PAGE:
Question:@markmrobbins asks in the 29ers forum: Twice in the past two weeks I've had the very new and very painful experience of racking myself when descending steep bumpy terrain - my butt hits my rear tire and pushes my crotch into the back of my saddle. Has anyone experienced this or know why this is happening?
I recently switched from a 27+ intense ACV to a 29er fezzari la sal peak. So I'm guessing it has something to do with the bigger wheel size and/or higher seat tube angle. And I'd assume it's just a technique issue where I'm pushing my hips too far back and low. But I'm also wondering if it's a bike fit issue. I currently have a 125mm dropper on but think I have just enough room to fit a 150mm dropper and am wondering if that will solve the issue, tho I think there would still be just enough room between the saddle and rear tire to still pinch myself in there.
Thoughts? I really want to make sure I never do this again! Without going into too much detail it's really really painful!
The ol' crotch to back of the seat smash is a painful, annoying experience, no matter how hilarious your buddies think it is when they find you doubled over on the side of the trail. You've pretty much mentioned all the potential culprits – those bigger wheels and a riding position where you're too far off the back of the bike can certainly make this a more common occurrence. I think that going for a 150mm dropper is a very reasonable next step. While it won't eliminate this issue, you'll at least have more room to shift your body around, and create more clearance between you and the back of the seat.
Speaking of seats, how's the padding situation at the very back of the saddle you're currently using? I've had saddles with a hard plastic portion at the back that seemed like it was designed purely to inflict harm. Swapping saddles might be a way to at least reduce the pain if this situation happens again.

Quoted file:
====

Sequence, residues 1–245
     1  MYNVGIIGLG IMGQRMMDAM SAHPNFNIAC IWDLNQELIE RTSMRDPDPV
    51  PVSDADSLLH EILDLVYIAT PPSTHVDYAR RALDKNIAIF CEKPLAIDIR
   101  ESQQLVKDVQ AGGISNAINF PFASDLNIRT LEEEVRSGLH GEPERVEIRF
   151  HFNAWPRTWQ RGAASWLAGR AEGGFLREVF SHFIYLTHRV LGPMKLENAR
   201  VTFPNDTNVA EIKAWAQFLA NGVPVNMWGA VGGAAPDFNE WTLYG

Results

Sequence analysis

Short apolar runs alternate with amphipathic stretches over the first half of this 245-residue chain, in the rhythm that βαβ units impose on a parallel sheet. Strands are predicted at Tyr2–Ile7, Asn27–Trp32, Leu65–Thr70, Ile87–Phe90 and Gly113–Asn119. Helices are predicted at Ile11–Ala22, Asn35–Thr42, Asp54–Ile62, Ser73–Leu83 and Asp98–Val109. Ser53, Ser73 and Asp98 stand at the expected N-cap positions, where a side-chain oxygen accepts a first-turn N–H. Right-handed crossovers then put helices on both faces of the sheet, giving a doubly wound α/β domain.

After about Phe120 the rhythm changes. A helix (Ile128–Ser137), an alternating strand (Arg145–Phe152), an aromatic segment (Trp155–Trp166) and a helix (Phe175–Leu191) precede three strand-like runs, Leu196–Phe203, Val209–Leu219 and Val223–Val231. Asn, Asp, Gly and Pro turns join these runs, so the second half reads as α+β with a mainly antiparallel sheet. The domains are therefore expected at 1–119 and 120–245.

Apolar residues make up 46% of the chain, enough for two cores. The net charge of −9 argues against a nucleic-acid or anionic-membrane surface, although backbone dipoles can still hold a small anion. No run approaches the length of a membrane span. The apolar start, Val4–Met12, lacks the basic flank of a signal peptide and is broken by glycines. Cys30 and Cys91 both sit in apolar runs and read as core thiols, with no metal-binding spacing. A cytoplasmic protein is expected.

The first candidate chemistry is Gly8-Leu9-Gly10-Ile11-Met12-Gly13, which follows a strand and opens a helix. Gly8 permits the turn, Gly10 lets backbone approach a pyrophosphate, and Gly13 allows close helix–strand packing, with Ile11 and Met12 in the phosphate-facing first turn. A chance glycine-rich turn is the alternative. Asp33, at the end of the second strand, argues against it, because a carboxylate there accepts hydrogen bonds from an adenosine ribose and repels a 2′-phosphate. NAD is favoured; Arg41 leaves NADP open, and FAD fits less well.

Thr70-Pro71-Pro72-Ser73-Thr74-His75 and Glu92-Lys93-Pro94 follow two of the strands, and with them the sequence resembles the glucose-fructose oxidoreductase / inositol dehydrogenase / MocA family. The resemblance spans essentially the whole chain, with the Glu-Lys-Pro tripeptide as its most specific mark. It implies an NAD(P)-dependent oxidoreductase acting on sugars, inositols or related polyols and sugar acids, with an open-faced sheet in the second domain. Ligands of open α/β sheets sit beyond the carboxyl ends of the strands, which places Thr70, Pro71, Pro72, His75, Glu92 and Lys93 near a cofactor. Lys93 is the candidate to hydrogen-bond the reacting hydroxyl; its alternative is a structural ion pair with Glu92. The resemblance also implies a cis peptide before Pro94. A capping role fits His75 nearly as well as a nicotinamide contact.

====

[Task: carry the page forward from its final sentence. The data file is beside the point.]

Not all seats are designed with crotch-smashing comfort in mind.
Older Rider Starting Out - What's Realistic and Safe?
Question:@o4Msf7 asks in the Beginners forum: I am turning 49 later this year and bought a Norco Fluid FS1 and a Trance X E bike last year so our family could ride together. My tween son is a keen rider and hits big jumps and some very steep slopes on his Trance Jr. This year we have been to a few mountain bike parks and despite having zero experience I have followed my son down some blue/intermediate DH trails and have to admit to being pretty scared on some sections. My son meanwhile flies over the jumps with great skill and comfort...
I want to support my son in his riding and he is too young to be left riding at MTB parks by himself so I feel like I need to ride down the trails with him. As a complete beginner at nearly 50 have I left it too late to ride on DH trails at this level? Has anyone else started this late in life with no prior riding experience? I really can't afford a serious injury workwise so I need to stay safe (within reason) but want to support my kid. Any tips or advice?
It's never to late to start mountain biking, and I'm positive you'll be able to confidently make it down blue / intermediate DH trails, but that's going to take patience, and some lessons.
In the early days of mountain biking lessons were basically unheard of. You just went off into the woods and crashed until you stopped crashing so much, and if you made it through that phase you were officially a mountain biker. Luckily, things have changed, and there are lots of reputable mountain bike coaches that can help you progress. Just like with skiing, you wouldn't point yourself down a steep run without at least having some idea of what to expect – lessons will dramatically reduce the amount of time it takes you to get comfortable on the bike. If private lessons are too pricey, group clinics can be a way to reduce the cost and still gain some valuable skills.
I'd also recommend getting your son connected with other riders his age – lessons or at least a group of riding buddies will help him progress even faster, and you won't need to worry as much about trying to keep up with his high-flying antics.